China’s trade surplus hit its highest monthly level on record in December, as the country’s exports continued to climb during the coronavirus pandemic.
Exports rose 18.1% in dollars last month, while imports rose 6.5%, pushing the trade surplus to a record $ 78 billion. Both exports and imports have exceeded forecasts by economists surveyed by Bloomberg.
Chinese exports have benefited from increased demand for medical and lockdown-related goods at a time when global trade is under intense pressure and other major economies are struggling to cope.
This surge in trade helped boost the Chinese economy, which quickly recovered from the initial effects of the pandemic. Gross domestic product data that will be released early next week is expected to show the Chinese economy grew 2.1% last year.
Li Kuiwen, spokesperson for the customs administration, said Thursday that China’s trade was “resilient” and “full of potential,” but also stressed the uncertainty following the spread of the coronavirus.
Strong export growth, including double-digit increases for three consecutive months, persisted despite a strengthening of the renminbi, which this month broke through the 6.5 level against the dollar for the first time since 2018.
Supported by the country’s economic recovery and the lure of higher interest rates, foreign investors have been rushing to buy Chinese assets over the past year. This has led to inflows of around 1 Rmb1tn ($ 155 billion) in 2020 through Hong Kong programs that connect overseas buyers to the mainland. The Chinese stock market hit its highest level since the global financial crisis this month.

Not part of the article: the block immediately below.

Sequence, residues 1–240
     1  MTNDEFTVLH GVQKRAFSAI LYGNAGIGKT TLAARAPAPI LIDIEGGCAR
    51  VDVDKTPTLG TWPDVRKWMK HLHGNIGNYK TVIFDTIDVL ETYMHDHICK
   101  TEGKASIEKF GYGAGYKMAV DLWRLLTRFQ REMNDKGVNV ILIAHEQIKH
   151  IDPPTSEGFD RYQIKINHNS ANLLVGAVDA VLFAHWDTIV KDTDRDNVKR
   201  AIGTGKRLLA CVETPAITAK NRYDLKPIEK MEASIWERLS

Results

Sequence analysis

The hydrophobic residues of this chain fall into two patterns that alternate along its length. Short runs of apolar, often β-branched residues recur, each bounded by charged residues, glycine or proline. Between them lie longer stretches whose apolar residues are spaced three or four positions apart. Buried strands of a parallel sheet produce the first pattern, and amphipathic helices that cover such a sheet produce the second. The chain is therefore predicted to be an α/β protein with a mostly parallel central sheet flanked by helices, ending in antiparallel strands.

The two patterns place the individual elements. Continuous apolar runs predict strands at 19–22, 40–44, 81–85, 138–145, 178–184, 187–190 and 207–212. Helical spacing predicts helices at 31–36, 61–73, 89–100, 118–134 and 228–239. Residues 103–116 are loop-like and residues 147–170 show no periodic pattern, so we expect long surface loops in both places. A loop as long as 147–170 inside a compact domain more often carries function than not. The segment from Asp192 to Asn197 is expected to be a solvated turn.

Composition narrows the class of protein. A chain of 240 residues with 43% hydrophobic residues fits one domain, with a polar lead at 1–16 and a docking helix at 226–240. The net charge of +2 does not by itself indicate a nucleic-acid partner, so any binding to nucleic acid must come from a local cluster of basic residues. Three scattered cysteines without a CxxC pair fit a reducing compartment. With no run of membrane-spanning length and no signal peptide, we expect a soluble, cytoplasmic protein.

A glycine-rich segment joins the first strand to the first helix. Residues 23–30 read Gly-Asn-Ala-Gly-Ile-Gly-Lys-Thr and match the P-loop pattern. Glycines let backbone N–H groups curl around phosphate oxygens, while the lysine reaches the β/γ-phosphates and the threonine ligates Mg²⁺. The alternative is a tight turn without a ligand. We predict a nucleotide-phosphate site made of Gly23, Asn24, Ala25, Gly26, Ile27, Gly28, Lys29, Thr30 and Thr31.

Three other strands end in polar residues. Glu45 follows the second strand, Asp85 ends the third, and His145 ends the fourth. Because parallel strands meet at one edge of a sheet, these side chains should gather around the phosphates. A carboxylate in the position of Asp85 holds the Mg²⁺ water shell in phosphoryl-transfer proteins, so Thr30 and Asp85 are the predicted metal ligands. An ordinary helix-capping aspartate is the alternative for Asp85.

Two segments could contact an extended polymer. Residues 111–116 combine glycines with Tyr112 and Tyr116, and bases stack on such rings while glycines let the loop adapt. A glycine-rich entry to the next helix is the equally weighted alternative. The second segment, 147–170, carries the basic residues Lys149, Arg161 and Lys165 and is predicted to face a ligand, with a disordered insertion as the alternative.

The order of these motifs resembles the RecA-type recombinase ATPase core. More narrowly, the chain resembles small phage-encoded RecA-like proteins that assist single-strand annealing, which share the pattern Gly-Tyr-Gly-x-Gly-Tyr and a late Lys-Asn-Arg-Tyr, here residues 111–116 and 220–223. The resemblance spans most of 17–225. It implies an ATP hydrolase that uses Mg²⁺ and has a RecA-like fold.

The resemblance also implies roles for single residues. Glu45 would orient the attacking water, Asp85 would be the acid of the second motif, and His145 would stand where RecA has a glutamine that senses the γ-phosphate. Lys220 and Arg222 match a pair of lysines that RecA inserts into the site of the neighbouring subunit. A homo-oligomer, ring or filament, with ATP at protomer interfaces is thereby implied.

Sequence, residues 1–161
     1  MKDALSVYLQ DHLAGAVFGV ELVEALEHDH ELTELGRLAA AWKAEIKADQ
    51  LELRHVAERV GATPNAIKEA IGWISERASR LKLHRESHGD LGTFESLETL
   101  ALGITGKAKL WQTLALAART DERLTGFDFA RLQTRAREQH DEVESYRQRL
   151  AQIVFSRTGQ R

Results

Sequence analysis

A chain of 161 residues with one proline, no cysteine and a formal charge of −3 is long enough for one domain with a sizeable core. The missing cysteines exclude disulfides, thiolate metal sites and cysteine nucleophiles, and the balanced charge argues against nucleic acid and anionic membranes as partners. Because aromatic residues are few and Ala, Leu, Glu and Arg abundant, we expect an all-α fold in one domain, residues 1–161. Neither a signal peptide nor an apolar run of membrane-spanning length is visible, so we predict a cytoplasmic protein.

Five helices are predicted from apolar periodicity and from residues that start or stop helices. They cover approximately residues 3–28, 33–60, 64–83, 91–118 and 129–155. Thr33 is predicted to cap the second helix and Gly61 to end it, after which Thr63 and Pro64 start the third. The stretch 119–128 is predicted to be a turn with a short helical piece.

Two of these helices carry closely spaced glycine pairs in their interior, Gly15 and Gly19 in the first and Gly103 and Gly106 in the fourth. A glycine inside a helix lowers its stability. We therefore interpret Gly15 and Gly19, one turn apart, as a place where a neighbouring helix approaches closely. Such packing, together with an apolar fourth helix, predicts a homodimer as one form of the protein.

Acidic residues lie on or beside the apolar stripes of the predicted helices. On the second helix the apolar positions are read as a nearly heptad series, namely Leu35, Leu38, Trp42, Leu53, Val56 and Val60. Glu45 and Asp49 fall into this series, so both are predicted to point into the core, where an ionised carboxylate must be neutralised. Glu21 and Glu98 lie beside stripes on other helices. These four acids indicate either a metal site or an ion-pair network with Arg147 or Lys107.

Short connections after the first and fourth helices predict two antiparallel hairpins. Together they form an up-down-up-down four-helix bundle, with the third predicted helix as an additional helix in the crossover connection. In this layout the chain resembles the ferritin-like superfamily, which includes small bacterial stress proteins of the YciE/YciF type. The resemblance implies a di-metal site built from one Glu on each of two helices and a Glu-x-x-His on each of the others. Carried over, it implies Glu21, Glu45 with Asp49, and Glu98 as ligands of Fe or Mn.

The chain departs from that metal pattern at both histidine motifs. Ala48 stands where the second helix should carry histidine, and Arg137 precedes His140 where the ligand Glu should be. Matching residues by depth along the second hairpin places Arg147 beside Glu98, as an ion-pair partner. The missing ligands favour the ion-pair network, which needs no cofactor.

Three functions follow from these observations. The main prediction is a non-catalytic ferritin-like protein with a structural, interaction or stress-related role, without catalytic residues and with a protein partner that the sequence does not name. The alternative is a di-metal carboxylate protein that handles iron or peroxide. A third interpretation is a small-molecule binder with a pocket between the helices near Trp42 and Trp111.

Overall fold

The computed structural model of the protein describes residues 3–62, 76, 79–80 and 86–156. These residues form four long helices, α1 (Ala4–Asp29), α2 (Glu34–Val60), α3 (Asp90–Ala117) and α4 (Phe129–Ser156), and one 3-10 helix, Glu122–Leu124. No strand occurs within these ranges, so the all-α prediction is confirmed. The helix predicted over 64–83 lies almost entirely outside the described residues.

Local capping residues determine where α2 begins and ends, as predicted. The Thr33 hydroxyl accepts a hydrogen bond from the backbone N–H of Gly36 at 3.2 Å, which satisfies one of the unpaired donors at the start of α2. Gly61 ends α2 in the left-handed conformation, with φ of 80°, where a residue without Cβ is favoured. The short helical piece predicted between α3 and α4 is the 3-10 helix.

As China’s market share in global trade jumped in the middle of last year due to its rapid resumption from the pandemic, analysts have suggested that it may decline as other countries recover. .
“As the pandemic is brought under control, production increases elsewhere and consumers shift to greater consumption of services, we believe China will face more competition,” Tao Wang, head of research in Asian economics at UBS.
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But she added that a strong global recovery is still expected to support China’s export growth of around 10 percent this year.
Imports, which reached their highest level on record in September, have now increased for four consecutive months. China’s industrial recovery has fueled demand for raw materials. Imports of iron ore reached 1.17 billion tonnes in 2020, up 9.5% from the previous year.
Additional reporting by Wang Xueqiao in Shanghai